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Wireless Warehouse, Inc. v. Boost Mobile

January 11, 2011

WIRELESS WAREHOUSE, INC. PLAINTIFF,
v.
BOOST MOBILE, LLC, DEFENDANT.



The opinion of the court was delivered by: Marc L. Goldman United States Magistrate Judge

I. Background

A. Procedural History

MEMORANDUM OPINION AND ORDER

GRANTING DEFENDANT'S MOTION FOR SUMMARY JUDGMENT

On December 8, 2009, Plaintiff Wireless Warehouse, Inc. ("WWI") filed a complaint against Defendant Boost Mobile, LLC ("Boost") alleging causes of action for (1) false promise; (2) promissory estoppel; (3) intentional interference with prospective economic relations; and (4) unfair, deceptive or illegal acts or practices in violation of California Business and Profession Code § 17000 et seq. (Docket No. 1.) WWI is a wireless communications master dealer that provides services to sub-dealers in the United States. (Compl. ¶6.) Boost is a division of Sprint Mobile that offers pre-paid wireless phones and services without contracts or activation fees. (Compl. ¶7.) Plaintiff's claims arise out of an alleged oral promise by Boost to enter into a long-term business partner relationship with WWI. (Compl. ¶9.)

On November 4, 2010, Defendant filed a motion for summary judgment with supporting declarations, exhibits, and statement of uncontroverted facts. On November 15, 2010, Plaintiff filed an opposition to the motion with supporting documents. The Court heard oral argument on December 2, 2010, and took the matter under submission. The matter is now ready for decision.*fn1

B. Factual Background*fn2

The relevant facts, stated in the light most favorable to Plaintiff, are as follows:

Plaintiff and Defendant entered into a one-year written Prepaid Wireless Product Agreement ("PPA") in 2005, which they renewed in March 2006, and again on March 7, 2007, with an effective date of April 1, 2007. (Pl.'s Opp. to Motion for Summ. J. at 2.) The PPA created a distributor-supplier relationship between the parties and outlined the terms by which Plaintiff WWI, the distributor, was to sell Boost's products. (Id.)

Sometime in early 2007, Boost launched a new unlimited service product called Unlimited by Boost ("UBB"). (Pl.'s Opp. at 3.) The C290 handsets were the first model phones offered under Boost's UBB program. (Pennington Decl. in Supp. of Def.'s Mot. for Summ. J., Ex. C, Tucker Depo. at 38:14-17.)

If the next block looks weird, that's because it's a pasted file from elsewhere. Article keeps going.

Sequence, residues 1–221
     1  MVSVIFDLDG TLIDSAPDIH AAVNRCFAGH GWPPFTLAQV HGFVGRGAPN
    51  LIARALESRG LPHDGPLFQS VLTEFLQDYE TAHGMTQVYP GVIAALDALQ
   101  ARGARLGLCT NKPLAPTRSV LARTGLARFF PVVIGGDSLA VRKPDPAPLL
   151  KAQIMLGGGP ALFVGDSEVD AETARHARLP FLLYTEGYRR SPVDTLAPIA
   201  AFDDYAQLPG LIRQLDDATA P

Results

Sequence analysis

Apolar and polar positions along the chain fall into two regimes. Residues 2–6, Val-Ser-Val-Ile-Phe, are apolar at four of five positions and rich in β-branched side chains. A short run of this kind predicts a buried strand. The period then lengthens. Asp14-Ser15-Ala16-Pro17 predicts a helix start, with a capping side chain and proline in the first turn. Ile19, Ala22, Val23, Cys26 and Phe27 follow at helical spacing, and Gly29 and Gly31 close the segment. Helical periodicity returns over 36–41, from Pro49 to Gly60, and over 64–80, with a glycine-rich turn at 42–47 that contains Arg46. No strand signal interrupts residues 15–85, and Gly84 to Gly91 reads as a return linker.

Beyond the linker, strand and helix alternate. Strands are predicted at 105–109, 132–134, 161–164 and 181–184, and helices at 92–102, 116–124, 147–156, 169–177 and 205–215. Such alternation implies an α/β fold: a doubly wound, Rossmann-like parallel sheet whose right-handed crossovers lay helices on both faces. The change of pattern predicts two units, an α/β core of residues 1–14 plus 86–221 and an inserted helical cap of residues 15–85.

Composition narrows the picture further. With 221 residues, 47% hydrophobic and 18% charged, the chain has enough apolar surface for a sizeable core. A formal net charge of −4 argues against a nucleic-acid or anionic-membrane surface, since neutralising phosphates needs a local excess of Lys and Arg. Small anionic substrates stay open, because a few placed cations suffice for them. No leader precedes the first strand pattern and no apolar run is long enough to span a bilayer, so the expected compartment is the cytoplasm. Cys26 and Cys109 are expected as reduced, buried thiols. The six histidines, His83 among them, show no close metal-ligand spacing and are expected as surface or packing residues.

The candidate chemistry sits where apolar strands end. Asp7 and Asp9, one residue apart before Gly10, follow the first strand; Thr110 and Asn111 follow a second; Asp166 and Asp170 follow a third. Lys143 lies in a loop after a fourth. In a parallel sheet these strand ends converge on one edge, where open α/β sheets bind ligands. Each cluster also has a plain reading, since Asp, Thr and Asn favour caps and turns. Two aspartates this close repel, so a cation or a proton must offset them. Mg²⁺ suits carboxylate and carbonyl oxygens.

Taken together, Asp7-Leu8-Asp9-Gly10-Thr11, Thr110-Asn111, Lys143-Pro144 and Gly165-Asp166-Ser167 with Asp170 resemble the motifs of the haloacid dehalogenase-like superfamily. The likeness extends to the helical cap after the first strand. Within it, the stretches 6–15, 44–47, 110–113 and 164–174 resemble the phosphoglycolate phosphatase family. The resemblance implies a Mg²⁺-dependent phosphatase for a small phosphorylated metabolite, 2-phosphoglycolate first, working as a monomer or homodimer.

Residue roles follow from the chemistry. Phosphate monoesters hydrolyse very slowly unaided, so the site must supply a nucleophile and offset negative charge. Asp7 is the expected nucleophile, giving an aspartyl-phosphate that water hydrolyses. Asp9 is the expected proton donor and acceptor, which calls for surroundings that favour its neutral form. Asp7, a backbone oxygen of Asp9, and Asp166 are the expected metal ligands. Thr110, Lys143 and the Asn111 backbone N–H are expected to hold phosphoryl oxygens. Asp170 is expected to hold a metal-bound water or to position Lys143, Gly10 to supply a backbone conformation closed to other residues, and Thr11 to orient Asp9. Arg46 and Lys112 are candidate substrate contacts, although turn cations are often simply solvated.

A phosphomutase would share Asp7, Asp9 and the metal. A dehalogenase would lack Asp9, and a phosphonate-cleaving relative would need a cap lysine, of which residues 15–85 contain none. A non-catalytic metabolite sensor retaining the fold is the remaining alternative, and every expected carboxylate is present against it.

On March 21, 2007, prior to the effective date of the 2007 PPA, Boost sent WWI an attachment to the PPA, which expressly covered the CDMA UBB product line (the "CDMA Attachment"). The CDMA Attachment revised the PPA by, inter alia, (1) establishing that distributors must seek approval for each authorized location in which distributors wished to offer CDMA products; (2) establishing a return policy for CDMA products; (3) setting the gross add bonus for the CDMA handsets (C290) of $5 per new subscriber activation; and (4) listing the fee that distributors may charge consumers to replenish CDMA UBB product accounts. (Anderson Decl. in Supp. of Def.'s Mot. for Summ. J., Ex. B.) The CDMA attachment was sent to Plaintiff through Fedex and was received by Plaintiff on March 22, 2007. (Anderson Decl., Ex. B at 1; Pennington Decl., Ex. D.)

On or about June 1, 2007, Boost invited Howard Kim, Plaintiff's representative, to its main business office in Irvine, California for the purpose of discussing the expansion of its market for UBB. (Pl.'s Opp. at 3.) At Boost's invitation, Kim also attended a conference in Irvine on June 12, 2007. (Id.) While Howard Kim was in California, Job Tucker, the acting vice president of Boost, allegedly told Kim that Boost would enter into a long-term business partner relationship with WWI if WWI would have its sub-dealers across the nation sell Boost's unlimited service, switching their focus from T-Mobile to Boost. (Id.) Job Tucker also allegedly promised to pay Plaintiff $1.00 for each payment and a $3.00 to $20.00 commission per product ("spiff") if Plaintiff would have its sub-dealers sign up as Boost's prepaid service payment centers. (Id.) According to Kim, between June 2007 and February 2008, Boost set specific targets for its market expansion and continuously encouraged WWI to provide more effort in expanding its markets and establishing more payment centers. (Id. at 4.)